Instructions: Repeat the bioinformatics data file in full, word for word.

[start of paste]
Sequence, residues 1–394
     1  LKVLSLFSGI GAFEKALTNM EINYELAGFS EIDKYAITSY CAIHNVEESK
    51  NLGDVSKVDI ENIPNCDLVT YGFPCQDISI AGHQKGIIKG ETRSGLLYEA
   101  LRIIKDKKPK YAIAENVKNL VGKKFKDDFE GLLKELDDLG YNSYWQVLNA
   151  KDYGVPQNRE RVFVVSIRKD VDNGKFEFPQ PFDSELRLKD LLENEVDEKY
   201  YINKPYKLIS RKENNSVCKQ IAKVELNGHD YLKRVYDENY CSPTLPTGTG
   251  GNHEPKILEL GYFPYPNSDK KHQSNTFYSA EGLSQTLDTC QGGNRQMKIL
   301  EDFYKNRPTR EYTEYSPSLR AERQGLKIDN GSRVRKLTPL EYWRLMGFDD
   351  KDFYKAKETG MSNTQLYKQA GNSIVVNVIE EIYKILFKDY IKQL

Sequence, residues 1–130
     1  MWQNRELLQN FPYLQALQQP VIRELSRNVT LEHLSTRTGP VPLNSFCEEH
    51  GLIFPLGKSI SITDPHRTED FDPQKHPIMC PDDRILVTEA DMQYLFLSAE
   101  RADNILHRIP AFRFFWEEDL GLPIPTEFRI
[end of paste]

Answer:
Sequence, residues 1–394
     1  LKVLSLFSGI GAFEKALTNM EINYELAGFS EIDKYAITSY CAIHNVEESK
    51  NLGDVSKVDI ENIPNCDLVT YGFPCQDISI AGHQKGIIKG ETRSGLLYEA
   101  LRIIKDKKPK YAIAENVKNL VGKKFKDDFE GLLKELDDLG YNSYWQVLNA
   151  KDYGVPQNRE RVFVVSIRKD VDNGKFEFPQ PFDSELRLKD LLENEVDEKY
   201  YINKPYKLIS RKENNSVCKQ IAKVELNGHD YLKRVYDENY CSPTLPTGTG
   251  GNHEPKILEL GYFPYPNSDK KHQSNTFYSA EGLSQTLDTC QGGNRQMKIL
   301  EDFYKNRPTR EYTEYSPSLR AERQGLKIDN GSRVRKLTPL EYWRLMGFDD
   351  KDFYKAKETG MSNTQLYKQA GNSIVVNVIE EIYKILFKDY IKQL

Sequence, residues 1–130
     1  MWQNRELLQN FPYLQALQQP VIRELSRNVT LEHLSTRTGP VPLNSFCEEH
    51  GLIFPLGKSI SITDPHRTED FDPQKHPIMC PDDRILVTEA DMQYLFLSAE
   101  RADNILHRIP AFRFFWEEDL GLPIPTEFRI